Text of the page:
WoodWins partnered with Midway Training Services (MTS) — a Saint Paul rehabilitation center that helps people with disabilities become self-sufficient — to provide the job training component of the venture. Seasonally, a pool of six people with disabilities supervised by two job coaches from MTS work five days a week. They work up to three hours a day each disassembling and denailing the raw materials at an above minimum wage pay.

Recently, the Aveda Corporation, a multinational cosmetics company, world renowned for its use of environmentally sound products and packaging, has committed to a three-year relationship with WoodWins. Aveda will be providing both financial support and technical expertise on marketing and design of the products. Aveda has furnished its Minneapolis and Manhattan Institutes with WoodWins products.

Looking To The Future

During the last five years of development, WoodWins has evolved based upon the needs of the community, available wood feedstock, the technical feasibility of using reclaimed lumber and the market for the final products. While the concept of reuse is not new to the NEC, manufacturing recycled products with wood is still relatively unexplored.

WoodWins is in the midst of implementing the next stage of its marketing plan, which includes expanding its product line, national distribution, leasing of production rights to designs to other nonprofit organizations, and replicating the venture in other locations. The incubation of WoodWins was undertaken to facilitate a cost-effective start-up of the project. Already, the NEC has been contacted by nonprofits across the state and country that are interested in replicating this green trade venture in their own communities. Replication will be attractive to other communities because the NEC will be able to assist them in starting a local wood reclamation and manufacturing business with very low capital investments and risk. The NEC can also advise on how to grow the new business into a profitable enterprise.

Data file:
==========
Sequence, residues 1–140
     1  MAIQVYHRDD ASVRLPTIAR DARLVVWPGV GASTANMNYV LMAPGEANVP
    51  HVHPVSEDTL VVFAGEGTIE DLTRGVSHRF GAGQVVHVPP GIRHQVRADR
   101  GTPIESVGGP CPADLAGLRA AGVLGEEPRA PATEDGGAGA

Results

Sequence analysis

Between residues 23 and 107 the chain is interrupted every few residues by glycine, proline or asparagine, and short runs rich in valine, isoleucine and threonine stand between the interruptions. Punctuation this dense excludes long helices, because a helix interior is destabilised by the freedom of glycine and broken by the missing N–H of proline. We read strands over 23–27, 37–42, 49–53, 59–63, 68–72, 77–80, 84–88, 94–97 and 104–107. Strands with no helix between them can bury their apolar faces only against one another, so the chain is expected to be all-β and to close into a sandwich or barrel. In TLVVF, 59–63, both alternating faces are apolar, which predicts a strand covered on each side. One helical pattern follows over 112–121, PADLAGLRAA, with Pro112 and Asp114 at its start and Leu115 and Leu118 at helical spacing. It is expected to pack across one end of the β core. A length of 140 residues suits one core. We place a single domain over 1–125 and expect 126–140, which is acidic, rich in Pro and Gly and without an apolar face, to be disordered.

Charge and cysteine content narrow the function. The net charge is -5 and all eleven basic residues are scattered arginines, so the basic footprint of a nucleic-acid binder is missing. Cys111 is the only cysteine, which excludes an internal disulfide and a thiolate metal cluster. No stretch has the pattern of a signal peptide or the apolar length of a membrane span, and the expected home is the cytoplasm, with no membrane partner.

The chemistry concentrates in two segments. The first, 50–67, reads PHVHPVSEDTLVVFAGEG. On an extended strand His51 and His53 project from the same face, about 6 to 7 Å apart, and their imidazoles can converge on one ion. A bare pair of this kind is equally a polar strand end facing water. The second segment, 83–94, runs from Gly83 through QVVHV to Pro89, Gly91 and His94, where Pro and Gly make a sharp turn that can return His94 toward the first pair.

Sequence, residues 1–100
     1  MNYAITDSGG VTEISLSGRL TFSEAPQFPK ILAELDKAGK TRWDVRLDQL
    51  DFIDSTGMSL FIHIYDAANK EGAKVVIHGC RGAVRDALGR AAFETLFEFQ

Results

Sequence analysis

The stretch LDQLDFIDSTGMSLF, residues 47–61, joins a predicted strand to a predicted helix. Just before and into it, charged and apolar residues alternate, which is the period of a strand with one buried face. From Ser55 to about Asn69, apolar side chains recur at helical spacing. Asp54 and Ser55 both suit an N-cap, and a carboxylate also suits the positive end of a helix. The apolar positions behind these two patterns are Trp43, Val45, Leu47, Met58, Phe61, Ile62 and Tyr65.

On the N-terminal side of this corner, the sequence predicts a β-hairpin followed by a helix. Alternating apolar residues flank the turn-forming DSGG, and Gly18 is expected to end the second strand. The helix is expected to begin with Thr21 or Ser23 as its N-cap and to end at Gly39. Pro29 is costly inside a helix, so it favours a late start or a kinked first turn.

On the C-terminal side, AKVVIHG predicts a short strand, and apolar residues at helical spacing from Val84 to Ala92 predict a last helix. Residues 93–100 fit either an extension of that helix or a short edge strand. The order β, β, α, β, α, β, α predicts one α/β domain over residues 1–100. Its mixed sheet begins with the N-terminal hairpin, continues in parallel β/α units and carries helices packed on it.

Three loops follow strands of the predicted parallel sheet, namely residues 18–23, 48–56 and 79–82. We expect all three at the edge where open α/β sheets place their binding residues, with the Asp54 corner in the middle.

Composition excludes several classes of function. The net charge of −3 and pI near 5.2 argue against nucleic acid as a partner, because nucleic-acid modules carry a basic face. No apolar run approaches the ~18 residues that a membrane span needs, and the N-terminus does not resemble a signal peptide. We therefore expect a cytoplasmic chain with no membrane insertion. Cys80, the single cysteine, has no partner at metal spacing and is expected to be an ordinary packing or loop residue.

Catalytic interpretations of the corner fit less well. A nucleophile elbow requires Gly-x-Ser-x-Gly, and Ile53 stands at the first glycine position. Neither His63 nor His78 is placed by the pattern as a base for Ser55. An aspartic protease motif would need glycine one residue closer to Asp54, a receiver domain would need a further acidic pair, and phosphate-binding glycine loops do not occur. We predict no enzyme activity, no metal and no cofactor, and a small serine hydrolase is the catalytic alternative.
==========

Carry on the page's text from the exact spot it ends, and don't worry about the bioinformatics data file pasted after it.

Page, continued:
Highest And Best Use

As mulch, a pallet is worth $100/ton, as fuel $35/ton, and as value-added WoodWins products over $3,000/ton. Consumers are buying WoodWins products because they are quality, durable, functional and attractive items. Recycling has grown up and WoodWins proves that buying recycled is not just the “right thing to do,” but can also get you the best quality product.

Through the WoodWins program, the residents employed gain “work readiness” skills and the ability to transition their lives from one of dependence on social programs to one of independence. Employers in the community benefit from the availability of work-ready residents. Businesses benefit with a solution to their difficult pallet disposal problem. The community enjoys the environmental benefits of less waste going to landfills and increased economic development in their neighborhoods.


Alex Danovitch is with the St. Paul, Minn.,-based Neighborhood Energy Consortium. For more information visit or call (651) 293-3921. Story Copyright 2001 The JG Press, Inc., 419 State Avenue, Emmaus, PA, 18049, USA, protected by international copyright law. All rights reserved. In Business is a GreenBiz News Affiliate.